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If you are reading this, you are either thinking about owning a hamster or you have just purchased one. This guide will cover the most common questions asked about hamsters and explain everything you need to know about basic care and housing for your wonderful new pet.
It depends on the breed of hamster that you choose and if they are littermates or not. Do not put different hamster breeds together. The Syrian hamster is territorial. It will not tolerate other hamsters in their cage. Syrian hamsters are not social creatures and might fight to the death when another hamster is introduced. It's best to keep Syrian hamsters in separate cages, because they may fight when they mature at around six weeks old. Dwarf hamsters live in groups as they are very social hamsters. If you do not plan to breed, ensure you buy all female or male dwarf hamsters. It is best to buy more than one as they will probably be littermates and will already know each other. If you purchase at least two, it will make it easier to introduce another hamster later on. You will notice your hamster is much happier and more active in a group.
There is a great variety of cages for hamsters aimed at all budgets. Plastic cage These are the most expensive cages. This style of cage is creative and often colourful or ultra modern and looks good in the home. Advantages are they are light to lift, easy to clean and look stylish. Disadvantages are that they are expensive and a build up of urine on plastic can be hard to clean. You can buy extensions when you feel your hamster needs more space and there are add on accessories such as new tunnels and chambers, which make them ideal for hamsters who love exploring. Rotastack is a popular cage brand. You can buy a creepy castle, add on a magic maze, adventure zone and more! Your pampered hamster will never be bored. For a futuristic look and a similar concept, choose a Habitrail Ovo Suite. Tank This is another cheap option, but disadvantages are that they are heavy for children to lift, can crack and can get too hot in sunlight. Cover the top with small holed wire mesh to ensure fresh air can get in. Advantages are they are easy to clean. Wire Cage Wire cages are traditionally designed so your hamster can climb without slipping through the bars and escaping. They are cheaper than other types of hamster cages and it is easy to attach an exercise wheel, ladders and to add a plastic hamster house. Some cages are two tiers to cater for a hamster's love of climbing and exploring. They can even have their bedroom upstairs on a platform. Most cages come with all the accessories you need. Check that the cage is suitable for Roborovski hamsters - these are cages labelled as suitable for dwarf hamsters. This is the smallest breed of hamster and normal hamster cage bars may be too wide. You don't want a Roborovski hamster to escape as they are also the fastest hamsters on the earth!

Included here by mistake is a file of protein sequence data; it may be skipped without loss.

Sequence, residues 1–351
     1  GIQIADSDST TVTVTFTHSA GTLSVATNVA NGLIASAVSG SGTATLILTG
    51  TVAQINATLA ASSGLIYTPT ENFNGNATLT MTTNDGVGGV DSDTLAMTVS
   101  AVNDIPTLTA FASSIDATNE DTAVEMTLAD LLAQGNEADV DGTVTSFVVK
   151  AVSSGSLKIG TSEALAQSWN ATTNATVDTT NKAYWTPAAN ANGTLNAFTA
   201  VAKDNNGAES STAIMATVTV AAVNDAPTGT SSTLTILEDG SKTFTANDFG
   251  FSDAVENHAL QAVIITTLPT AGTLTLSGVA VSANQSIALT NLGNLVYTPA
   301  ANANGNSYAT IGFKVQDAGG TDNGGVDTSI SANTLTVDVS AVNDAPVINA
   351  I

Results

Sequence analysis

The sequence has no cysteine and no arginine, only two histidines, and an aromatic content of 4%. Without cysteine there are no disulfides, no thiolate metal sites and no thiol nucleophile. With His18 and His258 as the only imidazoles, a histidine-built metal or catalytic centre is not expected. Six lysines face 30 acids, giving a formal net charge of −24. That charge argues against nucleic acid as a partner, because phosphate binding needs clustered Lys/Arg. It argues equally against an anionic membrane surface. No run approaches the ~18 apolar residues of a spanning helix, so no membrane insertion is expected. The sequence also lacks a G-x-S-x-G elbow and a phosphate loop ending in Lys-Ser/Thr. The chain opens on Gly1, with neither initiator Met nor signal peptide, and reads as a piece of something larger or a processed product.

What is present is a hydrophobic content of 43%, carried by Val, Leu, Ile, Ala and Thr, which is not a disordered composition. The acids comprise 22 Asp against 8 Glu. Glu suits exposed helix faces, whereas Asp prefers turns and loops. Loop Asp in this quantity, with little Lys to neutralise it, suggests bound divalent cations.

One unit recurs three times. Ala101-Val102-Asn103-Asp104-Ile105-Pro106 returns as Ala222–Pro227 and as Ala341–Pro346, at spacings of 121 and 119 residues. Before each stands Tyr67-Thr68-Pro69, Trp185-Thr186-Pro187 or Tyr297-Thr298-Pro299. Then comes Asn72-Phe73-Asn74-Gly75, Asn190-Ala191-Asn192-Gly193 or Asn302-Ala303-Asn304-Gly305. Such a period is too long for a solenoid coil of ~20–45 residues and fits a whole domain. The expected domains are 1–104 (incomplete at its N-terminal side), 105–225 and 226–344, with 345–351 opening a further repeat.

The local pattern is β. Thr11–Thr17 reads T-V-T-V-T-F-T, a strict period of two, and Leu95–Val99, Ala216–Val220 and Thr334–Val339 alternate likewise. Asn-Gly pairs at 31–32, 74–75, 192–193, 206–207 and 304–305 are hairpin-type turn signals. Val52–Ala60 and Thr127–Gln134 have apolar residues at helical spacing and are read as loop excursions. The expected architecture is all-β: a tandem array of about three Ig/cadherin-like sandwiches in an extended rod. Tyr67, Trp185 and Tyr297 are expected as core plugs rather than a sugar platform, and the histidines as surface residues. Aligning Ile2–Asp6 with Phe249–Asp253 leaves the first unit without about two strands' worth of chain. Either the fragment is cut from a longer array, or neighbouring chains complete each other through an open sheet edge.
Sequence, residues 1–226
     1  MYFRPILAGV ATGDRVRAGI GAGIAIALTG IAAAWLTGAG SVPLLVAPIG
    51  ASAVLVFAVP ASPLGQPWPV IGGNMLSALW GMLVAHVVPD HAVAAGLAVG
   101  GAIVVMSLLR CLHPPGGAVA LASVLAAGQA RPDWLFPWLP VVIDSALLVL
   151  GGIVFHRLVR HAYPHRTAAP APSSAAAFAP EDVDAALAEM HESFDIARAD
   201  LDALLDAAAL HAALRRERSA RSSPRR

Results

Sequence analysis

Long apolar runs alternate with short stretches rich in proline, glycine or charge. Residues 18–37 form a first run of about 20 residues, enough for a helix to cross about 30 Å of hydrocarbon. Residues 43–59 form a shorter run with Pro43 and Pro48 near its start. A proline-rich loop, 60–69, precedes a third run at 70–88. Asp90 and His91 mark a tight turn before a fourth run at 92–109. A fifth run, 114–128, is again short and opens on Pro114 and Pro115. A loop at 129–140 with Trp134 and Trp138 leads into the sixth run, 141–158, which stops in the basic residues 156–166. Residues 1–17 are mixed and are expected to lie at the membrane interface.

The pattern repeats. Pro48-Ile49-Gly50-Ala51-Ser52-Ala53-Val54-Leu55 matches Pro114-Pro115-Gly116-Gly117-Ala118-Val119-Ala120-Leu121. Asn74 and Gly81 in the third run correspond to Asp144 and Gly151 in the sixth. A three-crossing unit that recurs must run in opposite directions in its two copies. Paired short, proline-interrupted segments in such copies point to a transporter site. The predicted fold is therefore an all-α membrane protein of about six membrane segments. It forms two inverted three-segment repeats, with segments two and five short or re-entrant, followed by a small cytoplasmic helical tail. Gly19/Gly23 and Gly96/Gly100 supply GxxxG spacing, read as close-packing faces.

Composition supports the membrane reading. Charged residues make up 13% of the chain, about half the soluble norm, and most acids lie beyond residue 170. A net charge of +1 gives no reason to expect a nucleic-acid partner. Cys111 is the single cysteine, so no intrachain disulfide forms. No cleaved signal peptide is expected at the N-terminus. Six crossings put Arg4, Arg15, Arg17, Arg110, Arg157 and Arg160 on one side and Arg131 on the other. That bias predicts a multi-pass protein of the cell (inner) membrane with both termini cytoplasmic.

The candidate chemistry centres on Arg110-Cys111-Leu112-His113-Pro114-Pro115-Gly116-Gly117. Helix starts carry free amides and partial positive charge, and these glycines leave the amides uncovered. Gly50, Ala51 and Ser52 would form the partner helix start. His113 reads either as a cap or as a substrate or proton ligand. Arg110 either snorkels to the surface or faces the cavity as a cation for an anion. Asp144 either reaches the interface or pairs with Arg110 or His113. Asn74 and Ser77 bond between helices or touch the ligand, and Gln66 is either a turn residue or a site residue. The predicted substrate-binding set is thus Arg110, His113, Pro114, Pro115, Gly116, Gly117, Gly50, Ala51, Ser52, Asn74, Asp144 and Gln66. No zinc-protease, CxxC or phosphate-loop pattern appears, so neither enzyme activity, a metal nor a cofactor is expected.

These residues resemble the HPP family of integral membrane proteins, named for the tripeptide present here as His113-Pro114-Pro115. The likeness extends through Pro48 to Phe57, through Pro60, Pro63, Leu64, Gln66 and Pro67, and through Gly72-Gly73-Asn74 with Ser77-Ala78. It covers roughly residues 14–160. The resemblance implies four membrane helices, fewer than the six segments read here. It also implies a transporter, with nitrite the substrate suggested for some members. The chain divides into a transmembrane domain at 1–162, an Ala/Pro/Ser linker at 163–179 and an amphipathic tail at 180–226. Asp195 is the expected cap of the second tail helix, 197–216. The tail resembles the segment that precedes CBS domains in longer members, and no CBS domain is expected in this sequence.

Hamsters like their food and bedding in the same place. Spot clean the toilet area daily and replace the bedding weekly. Leave a small, clean, piece of the old bedding so that the hamster's scent is retained, then add the clean bedding into the cage. Clean and refill the water bottle and clean and refill the food bowl. The hamster will immediately carry bedding into his house and make the bed. A full disinfect or wash in soap and water of the cage and plastic parts such as house and tunnels is recommended weekly. A clean cage results in a happy and healthy hamster. There are many different types of bedding for hamsters. For the bottom of the cage, wood shavings, wood pulp or a hemp based flooring material like aubiose are ideal. Aubiose is hemp based, is absorbent and will last longer than wood shavings. Bedding materials like hemp are low in dust, soft and hypoallergenic. Soft snuggle wool or cotton based beddings are also ideal for your hamster.
Hamsters are omnivores. This means they eat fruit, vegetables, and meat. In the wild, they would eat insects. Feed your hamster a good quality hamster seed mix and supplement it with scraps left over from your dinner such as scrambled egg, pasta, fruit and vegetables and scraps of cooked chicken or beef and dandelion leaves and flowers. This will ensure your hamster has a healthy, balanced diet. Your hamster will store much of this food in its cheeks and hide it, so check for mouldy food in the cage on a daily basis. If your hamster lives in a tank or plastic cage, you could feed live foods such as crickets or other live insects. It's not ideal to feed these if your hamster is in a traditional wire cage, because the cricket might escape. Feeding live food is great exercise for your hamster, as he will have to catch his dinner! Do not feed your hamster uncooked potato peelings or chocolate as this is poisonous for them. Not too much lettuce, cabbage, kale or brussels sprouts as this can cause health problems. A small amount is fine.
This is a very common question and you will be surprised at the great variety of yummy treats hamsters can indulge in. Feed fattening foods sparingly, otherwise your hamster might have to join the HFC - Hamster Fit Club! These extra special treats should be fed in moderation; Kale, cabbage, nasturtiums and all kinds of shelled nuts, cooked potato, biscuits, bread, fruitcake, mealworms, raisins, sultanas and toast.
All hamsters love large clear plastic exercise balls as they love to explore. Ensure the lid is nice and tight so they can't escape. It's a safe place to put your hamster while you clean out the cage. Hamsters love exercise wheels, flavoured wood chews, plastic tunnels, willow sticks and wooden balls. Now you have a hamster you'll never throw away a toilet roll tube again. Make sure you have plenty of replacements ready.
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